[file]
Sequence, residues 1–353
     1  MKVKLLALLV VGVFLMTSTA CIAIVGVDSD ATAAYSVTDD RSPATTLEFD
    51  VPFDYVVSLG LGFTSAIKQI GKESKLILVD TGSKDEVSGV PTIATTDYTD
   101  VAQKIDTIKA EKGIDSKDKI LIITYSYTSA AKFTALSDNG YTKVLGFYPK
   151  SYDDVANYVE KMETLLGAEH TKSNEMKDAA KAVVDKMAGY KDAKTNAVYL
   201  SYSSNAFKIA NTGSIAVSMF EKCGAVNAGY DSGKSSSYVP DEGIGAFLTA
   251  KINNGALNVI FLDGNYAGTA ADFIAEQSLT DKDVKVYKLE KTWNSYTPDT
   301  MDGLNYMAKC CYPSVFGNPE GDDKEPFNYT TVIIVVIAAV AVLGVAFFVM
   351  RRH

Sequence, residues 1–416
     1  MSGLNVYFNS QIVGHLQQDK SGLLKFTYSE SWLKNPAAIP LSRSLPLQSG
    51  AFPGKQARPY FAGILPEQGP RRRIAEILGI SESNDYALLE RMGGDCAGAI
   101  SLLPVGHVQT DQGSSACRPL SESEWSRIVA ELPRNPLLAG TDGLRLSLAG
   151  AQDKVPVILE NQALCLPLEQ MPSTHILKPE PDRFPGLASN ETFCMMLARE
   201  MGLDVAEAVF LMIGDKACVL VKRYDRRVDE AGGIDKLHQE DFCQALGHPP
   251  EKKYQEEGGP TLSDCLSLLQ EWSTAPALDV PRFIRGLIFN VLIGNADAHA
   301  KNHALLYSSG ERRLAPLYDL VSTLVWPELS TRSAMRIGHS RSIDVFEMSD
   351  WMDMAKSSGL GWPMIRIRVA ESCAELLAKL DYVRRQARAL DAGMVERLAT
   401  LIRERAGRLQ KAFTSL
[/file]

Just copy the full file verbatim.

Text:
Sequence, residues 1–353
     1  MKVKLLALLV VGVFLMTSTA CIAIVGVDSD ATAAYSVTDD RSPATTLEFD
    51  VPFDYVVSLG LGFTSAIKQI GKESKLILVD TGSKDEVSGV PTIATTDYTD
   101  VAQKIDTIKA EKGIDSKDKI LIITYSYTSA AKFTALSDNG YTKVLGFYPK
   151  SYDDVANYVE KMETLLGAEH TKSNEMKDAA KAVVDKMAGY KDAKTNAVYL
   201  SYSSNAFKIA NTGSIAVSMF EKCGAVNAGY DSGKSSSYVP DEGIGAFLTA
   251  KINNGALNVI FLDGNYAGTA ADFIAEQSLT DKDVKVYKLE KTWNSYTPDT
   301  MDGLNYMAKC CYPSVFGNPE GDDKEPFNYT TVIIVVIAAV AVLGVAFFVM
   351  RRH

Sequence, residues 1–416
     1  MSGLNVYFNS QIVGHLQQDK SGLLKFTYSE SWLKNPAAIP LSRSLPLQSG
    51  AFPGKQARPY FAGILPEQGP RRRIAEILGI SESNDYALLE RMGGDCAGAI
   101  SLLPVGHVQT DQGSSACRPL SESEWSRIVA ELPRNPLLAG TDGLRLSLAG
   151  AQDKVPVILE NQALCLPLEQ MPSTHILKPE PDRFPGLASN ETFCMMLARE
   201  MGLDVAEAVF LMIGDKACVL VKRYDRRVDE AGGIDKLHQE DFCQALGHPP
   251  EKKYQEEGGP TLSDCLSLLQ EWSTAPALDV PRFIRGLIFN VLIGNADAHA
   301  KNHALLYSSG ERRLAPLYDL VSTLVWPELS TRSAMRIGHS RSIDVFEMSD
   351  WMDMAKSSGL GWPMIRIRVA ESCAELLAKL DYVRRQARAL DAGMVERLAT
   401  LIRERAGRLQ KAFTSL